Bryan Singer was the first person to officially announce that X-Men: Days of Future Past would be getting a sequel called X-Men: Apocalypse, and it was subsequently confirmed he would be the man to direct Apocalypse. Days of Future Past has now returned the franchise to box office figures it hasn’t seen since 2006, and much of it is because Singer made a movie that has no business being as good as it is. Instead of being an Amazing Spider-Man 2-esque mess, which many had expected, it turned out to be one of the best X-Men films ever, up there with X2 and First Class.
There is the little matter of that kid, Michael Egan III, who says Bryan Singer and three other Hollywood execs. plied him with alcohol and cocaine and raped him in Hawaii when he was still a minor in 2000. Singer and the other accused individuals have all publicly declared their innocence, and filed motions to dismiss. Earlier this month, the case against Disney exec. David Neuman was voluntarily withdrawn after Egan was found to have made a 2003 declaration that he “never had any kind of physical contact” with Neuman other than non-sexual social contact. Singer and the other two defendants’ motions to dismiss are currently scheduled to be heard July 28, and all of their motions provide exhaustive proof of their whereabouts (specifically that they weren’t in Hawaii) during the time in question as well as point to a 2000 deposition given by Egan in which he repeatedly contradicts what he now alleges in the 2014 suit. Egan’s lawyer has also filed a separate suit on behalf of “John Doe 117,” an anonymous British actor who claims Singer and others raped him at the London premiere of Superman Returns in 2006.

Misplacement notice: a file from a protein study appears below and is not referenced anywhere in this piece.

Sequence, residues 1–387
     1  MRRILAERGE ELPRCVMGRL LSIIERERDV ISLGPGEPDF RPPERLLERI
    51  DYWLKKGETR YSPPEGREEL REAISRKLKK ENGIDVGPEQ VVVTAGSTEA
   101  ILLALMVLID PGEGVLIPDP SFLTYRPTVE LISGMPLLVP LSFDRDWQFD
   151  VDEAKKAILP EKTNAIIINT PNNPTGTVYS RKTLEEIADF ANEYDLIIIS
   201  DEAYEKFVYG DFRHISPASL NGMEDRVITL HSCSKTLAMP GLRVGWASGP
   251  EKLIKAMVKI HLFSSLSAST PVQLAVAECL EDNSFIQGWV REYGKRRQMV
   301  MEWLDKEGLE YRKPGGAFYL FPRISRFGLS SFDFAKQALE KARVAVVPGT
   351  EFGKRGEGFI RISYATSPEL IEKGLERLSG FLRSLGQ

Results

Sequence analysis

Based upon the evidence that’s out there, Singer appears to be innocent, but with Fox needing to go straight into production on Apocalypse to maintain its pre-announced May 2016 opening they may be getting a bit nervous about whether or not Singer’s legal woes will prevent him from being able to finish the film on time.
According to an insider, Singer, 48, is squaring off with 20th Century Fox over the implications of the sex abuse case and whether or not he should still direct the sequel toX-Men: Days of Future Past.
“Fox isn’t confident in it not heavily impacting production. Bryan’s lawyers are going nuts because the deal was closed months ago.” Singer’s legal team has provided Fox with proof that the lawsuits are fiction, the source claims, but it’s money that’s the issue. “They don’t really care whether he’s innocent or guilty — they’re only concerned with the bottom line, which is giving him another $250 to $350 million to make Apocalypse. There have been talks about who else he’d let direct it, with him producing, but those led to heated arguments and walk outs.”
ARE THEY RELIABLE?: They are a TMZ-style gossip site whose recent “Exclusive” headlines include this Bryan Singer story along with a bunch of scoops about the sad lives of reality TV stars (divorces, financial ruin, etc.) mixed in with your standard Lyndsay Lohan-fell-off-the-wagon-again expose. According to BadAssDigest’s Devin Faraci, whose been covering film and TV on the internet for a decade, Radar’s track record is “spotty, at best.”
OUR REACTION: So, a gossip site just told us that Fox couldn’t care less about whether or not Bryan Singer really raped a boy. They’re just concerned about what his legal case might mean for their big movie, and whether or not giving him $250-350 million to go make it is a fiscally sound idea anymore? Um, no shit. That’s not anything we couldn’t have already guessed for ourselves due to built up cynicism about Hollywood as well as a passing knowledge of the practical complexities involved with delivering a film on the level of X-Men: Apocalypse in just two years.